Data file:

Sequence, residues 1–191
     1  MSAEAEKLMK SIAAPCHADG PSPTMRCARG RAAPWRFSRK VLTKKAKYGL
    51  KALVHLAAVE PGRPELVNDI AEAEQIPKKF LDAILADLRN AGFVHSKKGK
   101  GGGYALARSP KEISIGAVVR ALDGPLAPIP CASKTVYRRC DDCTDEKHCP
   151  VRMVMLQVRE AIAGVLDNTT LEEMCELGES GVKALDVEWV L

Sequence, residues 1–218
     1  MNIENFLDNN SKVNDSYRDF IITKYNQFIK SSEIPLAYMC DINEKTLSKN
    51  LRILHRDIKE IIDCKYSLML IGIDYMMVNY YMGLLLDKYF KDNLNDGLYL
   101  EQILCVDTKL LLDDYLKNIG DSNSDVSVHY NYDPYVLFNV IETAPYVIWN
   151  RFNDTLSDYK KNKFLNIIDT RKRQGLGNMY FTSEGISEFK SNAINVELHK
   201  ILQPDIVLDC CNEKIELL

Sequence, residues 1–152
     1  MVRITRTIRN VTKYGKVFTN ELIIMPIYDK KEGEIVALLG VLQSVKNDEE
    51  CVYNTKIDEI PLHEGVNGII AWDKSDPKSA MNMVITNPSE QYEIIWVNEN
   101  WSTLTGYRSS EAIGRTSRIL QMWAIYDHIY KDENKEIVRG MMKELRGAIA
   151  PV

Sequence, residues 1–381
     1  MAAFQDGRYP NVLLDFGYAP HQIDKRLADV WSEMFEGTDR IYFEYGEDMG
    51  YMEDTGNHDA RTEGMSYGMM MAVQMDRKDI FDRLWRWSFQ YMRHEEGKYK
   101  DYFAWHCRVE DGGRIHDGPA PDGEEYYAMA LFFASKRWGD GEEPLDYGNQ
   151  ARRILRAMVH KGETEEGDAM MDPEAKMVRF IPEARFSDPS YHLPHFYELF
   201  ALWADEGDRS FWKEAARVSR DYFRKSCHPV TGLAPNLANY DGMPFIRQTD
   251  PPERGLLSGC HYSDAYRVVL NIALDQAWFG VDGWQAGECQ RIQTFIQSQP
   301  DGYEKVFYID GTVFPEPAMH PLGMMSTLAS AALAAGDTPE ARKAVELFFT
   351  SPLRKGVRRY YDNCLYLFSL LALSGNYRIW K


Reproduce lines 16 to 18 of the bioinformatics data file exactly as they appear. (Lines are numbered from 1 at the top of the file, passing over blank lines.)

   151  PV

Sequence, residues 1–381
     1  MAAFQDGRYP NVLLDFGYAP HQIDKRLADV WSEMFEGTDR IYFEYGEDMG